IRS rehired problem employees, report finds

irs rehiring employees

Employers generally don't rehire former workers who caused trouble or had performance issues in the past.

But at the IRS, bringing problem employees back on board isn't entirely out of the question.

Of the more than 7,000 former employees the IRS hired between January 2010 and September 2013, 824 of them were found to have prior performance and conduct issues, a new oversight report by the Treasury Inspector General for Tax Administration found.

TIGTA reviewed a random sample of more than 300 employees who had conduct or performance issues in the past and found that 20% had developed new issues during their second go-round.

Problem behaviors have included employees who willfully failed to file their taxes, gained unauthorized access to taxpayer information, abused the agency's leave policy, misused IRS property, falsified official forms, did a bad job or had behavioral or legal problems off-duty, such as alcoholism or bankruptcy.

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"Based on the types of prior performance and conduct issues we identified, rehiring certain employees presents increased risk to the IRS and taxpayers," said J. Russell George, Treasury Inspector General for Tax Administration.

TIGTA found that the IRS followed the federal government's "suitability standards" for considering a job applicants' past offenses and concluded that nothing "would prohibit the IRS from hiring these individuals."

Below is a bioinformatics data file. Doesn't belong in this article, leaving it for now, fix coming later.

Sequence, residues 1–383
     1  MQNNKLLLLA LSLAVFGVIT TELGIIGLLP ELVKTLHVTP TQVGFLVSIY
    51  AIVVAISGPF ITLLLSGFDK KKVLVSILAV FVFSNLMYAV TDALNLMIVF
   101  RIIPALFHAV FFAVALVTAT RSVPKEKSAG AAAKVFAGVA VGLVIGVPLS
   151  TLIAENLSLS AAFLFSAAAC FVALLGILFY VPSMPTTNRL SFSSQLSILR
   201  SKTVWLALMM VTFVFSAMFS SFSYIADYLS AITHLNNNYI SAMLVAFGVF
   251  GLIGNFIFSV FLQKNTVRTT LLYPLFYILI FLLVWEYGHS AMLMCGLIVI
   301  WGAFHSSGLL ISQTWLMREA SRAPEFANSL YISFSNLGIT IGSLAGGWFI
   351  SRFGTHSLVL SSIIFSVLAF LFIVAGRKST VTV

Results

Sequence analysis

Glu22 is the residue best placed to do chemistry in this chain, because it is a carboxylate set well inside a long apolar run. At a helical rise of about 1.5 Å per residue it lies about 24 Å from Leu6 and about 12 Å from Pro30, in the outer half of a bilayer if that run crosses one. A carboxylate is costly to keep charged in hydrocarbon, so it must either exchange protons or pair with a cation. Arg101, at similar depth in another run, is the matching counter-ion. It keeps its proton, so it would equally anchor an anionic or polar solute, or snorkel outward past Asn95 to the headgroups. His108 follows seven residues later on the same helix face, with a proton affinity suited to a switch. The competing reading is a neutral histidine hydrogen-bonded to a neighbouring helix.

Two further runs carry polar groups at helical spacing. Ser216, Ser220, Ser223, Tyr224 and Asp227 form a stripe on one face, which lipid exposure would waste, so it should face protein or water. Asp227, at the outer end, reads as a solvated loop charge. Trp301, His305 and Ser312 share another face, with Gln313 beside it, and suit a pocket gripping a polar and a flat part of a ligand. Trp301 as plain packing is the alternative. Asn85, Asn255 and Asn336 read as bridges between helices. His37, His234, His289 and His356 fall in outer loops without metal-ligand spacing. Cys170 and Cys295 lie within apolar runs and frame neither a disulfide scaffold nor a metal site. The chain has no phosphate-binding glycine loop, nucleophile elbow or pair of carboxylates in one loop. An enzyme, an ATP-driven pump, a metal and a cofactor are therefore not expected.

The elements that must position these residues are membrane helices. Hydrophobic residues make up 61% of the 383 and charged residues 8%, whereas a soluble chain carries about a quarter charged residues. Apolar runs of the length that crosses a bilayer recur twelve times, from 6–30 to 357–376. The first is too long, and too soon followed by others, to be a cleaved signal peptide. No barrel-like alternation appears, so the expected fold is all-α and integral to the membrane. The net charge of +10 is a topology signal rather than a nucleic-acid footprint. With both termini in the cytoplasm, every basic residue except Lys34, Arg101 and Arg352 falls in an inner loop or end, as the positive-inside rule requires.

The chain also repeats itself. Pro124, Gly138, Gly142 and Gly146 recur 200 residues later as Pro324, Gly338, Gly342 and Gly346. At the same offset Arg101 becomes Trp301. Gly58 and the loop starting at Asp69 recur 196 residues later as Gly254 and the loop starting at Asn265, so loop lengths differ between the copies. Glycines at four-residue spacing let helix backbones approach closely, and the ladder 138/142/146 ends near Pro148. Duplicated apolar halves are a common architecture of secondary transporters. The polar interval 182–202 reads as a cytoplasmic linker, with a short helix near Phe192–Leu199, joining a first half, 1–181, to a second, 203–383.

But the oversight report suggested this wasn't enough.

It cited one instance in which the file for a former problem employee was explicitly marked "Do Not Rehire" because the person was "absent without leave for 312 hours." Yet the person was rehired anyway.

In response to TIGTA's findings, the IRS noted in the report that it revamped its hiring process in 2012 and now "appropriately considers prior conduct and performance in hiring decisions."

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TIGTA, however, would like the agency to "reassess its current processes to more fully consider prior conduct and performance issues before rehiring employees."

Earlier this week, IRS Commissioner John Koskinen told the Senate Finance Committee that over 99% of the agency's employees are compliant with their taxes - the highest compliance rate of any U.S. government agency, he noted.

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